Emotions flooded from my gut to my heart to my throat and poured from my eyes as tears striked again- this time, in pure awe of what I was witnessing. The most powerful representation of love: my husband, and- my daughter. I felt the pure gratitude radiating from Robbie as he held his little girl skin to skin- the love then flowing over to me  and growing exponentially in that room. 

Sharing a common love for something that deeply with the person you love, it’s some sorta magic. 

Soreness, gratitude, defeat, vulnerability, unconditional love: and all at once.

This was my postpartum. 

Part way through the photo-taking, Blakely began to fuss: this time, it was certain swaddling wasn’t the answer. 

Food. She wanted food. 

“You can take a break and feed her”- the photographer mentioned as she motioned to the small couch against the wall. 

Anxiety striked again. With no formula to back me, I fussed with my dress and tried to find a comfortable positioning on this couch: this would be my first time breastfeeding anywhere but home and I felt lost. I grabbed my daughter- attempting to latch her: praying our bodies would work together on this one. 

“ Please God just let me feed my baby”- my heart began to race as the pressure to perform mounted, 

Blakely whaled in agony against my chest without satiation as my anxiety amplified.  Robbie noted the defeat-tears welling up against my makeup covered face as he Googled the closest place to find formula.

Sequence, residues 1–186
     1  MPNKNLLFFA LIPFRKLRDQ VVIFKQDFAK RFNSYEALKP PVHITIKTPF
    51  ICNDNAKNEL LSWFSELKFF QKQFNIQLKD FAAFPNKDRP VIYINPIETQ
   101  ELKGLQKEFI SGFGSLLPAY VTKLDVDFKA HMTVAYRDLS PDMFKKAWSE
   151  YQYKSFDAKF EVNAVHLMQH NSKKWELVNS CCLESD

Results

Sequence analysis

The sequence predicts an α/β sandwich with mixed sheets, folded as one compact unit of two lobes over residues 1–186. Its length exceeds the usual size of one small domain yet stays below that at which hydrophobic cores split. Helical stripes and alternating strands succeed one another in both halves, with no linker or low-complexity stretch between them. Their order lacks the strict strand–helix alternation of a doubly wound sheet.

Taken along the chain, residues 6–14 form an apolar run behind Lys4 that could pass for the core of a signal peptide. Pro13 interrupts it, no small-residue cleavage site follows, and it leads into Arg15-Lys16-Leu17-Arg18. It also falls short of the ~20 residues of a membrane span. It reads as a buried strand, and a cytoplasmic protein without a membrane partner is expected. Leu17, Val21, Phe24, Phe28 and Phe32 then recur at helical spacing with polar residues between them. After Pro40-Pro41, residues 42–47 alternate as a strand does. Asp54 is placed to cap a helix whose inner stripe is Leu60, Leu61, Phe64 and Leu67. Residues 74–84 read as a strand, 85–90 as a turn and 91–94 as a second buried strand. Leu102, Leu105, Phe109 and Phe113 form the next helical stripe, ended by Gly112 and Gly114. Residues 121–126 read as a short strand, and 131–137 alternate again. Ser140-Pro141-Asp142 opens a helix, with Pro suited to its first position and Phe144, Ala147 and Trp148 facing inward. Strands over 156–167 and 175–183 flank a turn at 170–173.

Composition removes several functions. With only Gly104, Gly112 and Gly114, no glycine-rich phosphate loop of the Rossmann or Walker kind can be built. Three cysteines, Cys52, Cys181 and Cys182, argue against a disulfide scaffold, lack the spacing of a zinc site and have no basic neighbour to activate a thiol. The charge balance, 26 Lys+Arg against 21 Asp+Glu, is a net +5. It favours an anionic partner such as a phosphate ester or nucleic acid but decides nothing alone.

He quickly left the countryside home to the nearest small town to purchase the same formula I left on the kitchen counter at home. 

The convenience of whipping out a tit, feeding my baby to satiety and moving on with the appointment would be like winning the lottery. I squeezed my nipples and kneaded my breasts as my tiny infant nuzzled herself into my chest- her newborn cries now ringing in my ears. 

She’d latch, I’d jump, she’d suck, I’d quince. She’d feed, I’d gain hope, she’d stop, I’d try again.

And repeat, and repeat and repeat: until we both had enough. 

Robbie returned after speeding down many a dirt roads. He promptly prepared a bottle in the kitchen of this woman’s home- taking directions from the oldest of her 4 siblings who all collected in the kitchen. 

Our morning photo-shoot was now definitely overstaying it’s welcome. 

As Robbie brought the bottle towards me, I tucked away my disappointment of a body  into my modest dress: the one without any form fitting fabric or clingy-in-those-spots spots. 

This was the same body that just birthed my daughter 6 days prior. The body that housed and grew her for 9 whole months, the body that pushed through a decade of amenorrhea, 2 miscarriages and severe hormone instabilities- and yet in this moment- I couldn’t see her greatness. 

Blakely’s tense body relaxed as the bottle met her lips, a thrusting-like suckle began as she consumed the entirety of the formula before falling back to sleep in my arms. 

I was in heaven with this baby.

But I was at war with myself. 

This was my postpartum. 






	

One thought on “The Red Dot That Ruined My Life: Part XI

  1. Oh my heart breaks for you reading this as I also went through this with my first being a preemie and when I finally had someone bring some light on formula and I let go of the expectation on myself motherhood became a whole lot sweeter. Your an amazing mom! ❤

    Like